This is a tough one because we don’t really have a perfect replacement valve at the current time. This is one of the reasons why with mitral valve disease, I believe so strongly in repair as the first option for the vast majority of patients. For those limited number of patients for whom a mitral valve replacement is necessary, the options are a tissue valve (cow or pig usually) or a mechanical valve. Mechanical valves require a blood thinner called coumadin which has a 1-2%/year risk of significant bleeding or stroke. Of course, this depends on the patient and how closely they monitor their levels (INR-a measure of “blood thinness”). The advantage of a mechanical valve is that it can last for a lifetime although this is not 100% true-occasionally we do have to replace a mechanical valve that fails. A tissue valve has the advantage of not requiring coumadin long-term. However, it will fail over a period of time. Typically we tell patients 10 years in younger patients and 20 years in older patients. However, the truth is that it’s hard to know. I have seen tissue valves fail in 2 years and last 25 years. It depends on the patient. Younger patients with tissue valves tend to have them fail much more quickly. This is tough because younger patients are often the ones who want to stay off blood thinners. Most women who want to bear children should avoid mechanical valves and coumadin. There is a lot of talk about the ability to replace a failed surgically placed tissue valve with a catheter valve (TAVR) device. This is true and is currently being done. However, it is still a major procedure and we don’t know much about the durability of these procedures and how many times it can be done. With this procedure the old valve is left in place so one would assume there are only so many times this can be done.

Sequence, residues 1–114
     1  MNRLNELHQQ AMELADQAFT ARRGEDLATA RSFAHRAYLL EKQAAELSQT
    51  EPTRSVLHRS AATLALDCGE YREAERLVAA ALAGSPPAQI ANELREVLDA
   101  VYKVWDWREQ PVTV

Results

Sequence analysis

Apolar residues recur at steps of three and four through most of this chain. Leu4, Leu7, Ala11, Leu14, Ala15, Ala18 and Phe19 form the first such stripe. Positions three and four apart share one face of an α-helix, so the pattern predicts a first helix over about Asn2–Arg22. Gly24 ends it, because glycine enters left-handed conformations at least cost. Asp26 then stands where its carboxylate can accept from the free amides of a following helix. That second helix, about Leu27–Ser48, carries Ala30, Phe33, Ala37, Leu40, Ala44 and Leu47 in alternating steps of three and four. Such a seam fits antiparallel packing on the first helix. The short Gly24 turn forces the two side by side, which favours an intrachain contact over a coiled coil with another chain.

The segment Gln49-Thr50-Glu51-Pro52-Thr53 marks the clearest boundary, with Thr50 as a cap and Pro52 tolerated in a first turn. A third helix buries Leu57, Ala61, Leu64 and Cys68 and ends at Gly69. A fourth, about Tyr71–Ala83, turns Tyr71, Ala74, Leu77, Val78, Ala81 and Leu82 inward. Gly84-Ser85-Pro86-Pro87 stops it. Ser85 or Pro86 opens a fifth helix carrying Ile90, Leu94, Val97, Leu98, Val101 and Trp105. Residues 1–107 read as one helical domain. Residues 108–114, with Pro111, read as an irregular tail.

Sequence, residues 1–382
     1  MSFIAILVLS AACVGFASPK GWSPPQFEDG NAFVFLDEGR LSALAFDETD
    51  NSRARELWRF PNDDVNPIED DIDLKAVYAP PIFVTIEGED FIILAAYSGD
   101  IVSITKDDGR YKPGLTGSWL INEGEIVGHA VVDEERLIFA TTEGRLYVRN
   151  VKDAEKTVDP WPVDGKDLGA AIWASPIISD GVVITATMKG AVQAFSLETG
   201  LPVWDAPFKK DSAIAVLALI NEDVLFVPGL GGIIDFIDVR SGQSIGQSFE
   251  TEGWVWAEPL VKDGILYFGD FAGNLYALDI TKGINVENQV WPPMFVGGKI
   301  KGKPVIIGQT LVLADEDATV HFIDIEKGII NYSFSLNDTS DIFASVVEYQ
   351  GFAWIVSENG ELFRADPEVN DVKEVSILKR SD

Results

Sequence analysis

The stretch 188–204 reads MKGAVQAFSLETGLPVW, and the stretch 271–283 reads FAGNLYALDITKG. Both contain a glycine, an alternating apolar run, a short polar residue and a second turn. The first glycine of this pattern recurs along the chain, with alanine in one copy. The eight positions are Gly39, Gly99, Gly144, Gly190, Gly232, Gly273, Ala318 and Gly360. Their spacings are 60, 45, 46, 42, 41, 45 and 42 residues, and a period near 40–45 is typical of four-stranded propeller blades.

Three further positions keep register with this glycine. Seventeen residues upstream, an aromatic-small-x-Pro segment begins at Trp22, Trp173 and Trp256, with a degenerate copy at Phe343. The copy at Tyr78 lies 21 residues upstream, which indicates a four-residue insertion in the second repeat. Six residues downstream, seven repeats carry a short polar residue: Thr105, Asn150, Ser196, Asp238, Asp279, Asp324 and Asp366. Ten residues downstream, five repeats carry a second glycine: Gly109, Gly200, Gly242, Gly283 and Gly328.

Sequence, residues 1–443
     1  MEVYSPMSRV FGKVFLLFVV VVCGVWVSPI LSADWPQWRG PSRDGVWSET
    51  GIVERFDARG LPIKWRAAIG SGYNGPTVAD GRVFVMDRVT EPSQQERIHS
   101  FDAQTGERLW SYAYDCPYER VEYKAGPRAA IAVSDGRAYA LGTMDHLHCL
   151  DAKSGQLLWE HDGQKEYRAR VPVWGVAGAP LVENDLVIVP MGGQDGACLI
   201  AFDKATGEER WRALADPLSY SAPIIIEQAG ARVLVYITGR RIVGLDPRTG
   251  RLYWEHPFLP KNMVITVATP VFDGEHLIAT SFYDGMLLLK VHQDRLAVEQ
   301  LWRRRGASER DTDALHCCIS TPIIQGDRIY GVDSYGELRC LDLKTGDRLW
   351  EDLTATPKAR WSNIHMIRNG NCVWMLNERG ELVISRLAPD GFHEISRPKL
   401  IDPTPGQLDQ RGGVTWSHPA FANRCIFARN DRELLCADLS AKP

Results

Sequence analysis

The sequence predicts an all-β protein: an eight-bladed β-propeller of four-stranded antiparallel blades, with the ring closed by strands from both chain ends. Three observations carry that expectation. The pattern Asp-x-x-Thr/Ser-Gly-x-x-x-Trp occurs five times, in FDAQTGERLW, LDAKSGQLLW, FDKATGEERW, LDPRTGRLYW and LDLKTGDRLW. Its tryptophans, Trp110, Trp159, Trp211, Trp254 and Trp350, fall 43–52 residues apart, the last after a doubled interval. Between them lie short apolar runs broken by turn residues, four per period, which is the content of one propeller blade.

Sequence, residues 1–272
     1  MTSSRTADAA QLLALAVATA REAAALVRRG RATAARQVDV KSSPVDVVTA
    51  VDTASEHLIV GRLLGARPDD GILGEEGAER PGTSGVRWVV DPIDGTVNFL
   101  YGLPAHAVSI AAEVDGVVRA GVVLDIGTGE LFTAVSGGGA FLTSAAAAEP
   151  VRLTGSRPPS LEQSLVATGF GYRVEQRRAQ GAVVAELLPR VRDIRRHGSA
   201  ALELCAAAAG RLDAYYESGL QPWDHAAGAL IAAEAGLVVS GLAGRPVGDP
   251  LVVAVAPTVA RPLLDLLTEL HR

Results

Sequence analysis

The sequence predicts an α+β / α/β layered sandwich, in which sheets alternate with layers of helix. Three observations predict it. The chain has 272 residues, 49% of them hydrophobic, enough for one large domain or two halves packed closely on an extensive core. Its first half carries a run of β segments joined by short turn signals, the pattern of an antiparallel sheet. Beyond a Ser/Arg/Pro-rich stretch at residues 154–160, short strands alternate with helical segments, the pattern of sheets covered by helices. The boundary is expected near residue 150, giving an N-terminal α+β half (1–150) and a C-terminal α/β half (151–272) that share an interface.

There is hope on the horizon for tissue-engineered valves but nothing currently available and I would not advice delaying surgery because we have no idea how long these long-sought after valves will be available.

Category: Questions About Preoperative Issues
T. Sloane Guy, MD

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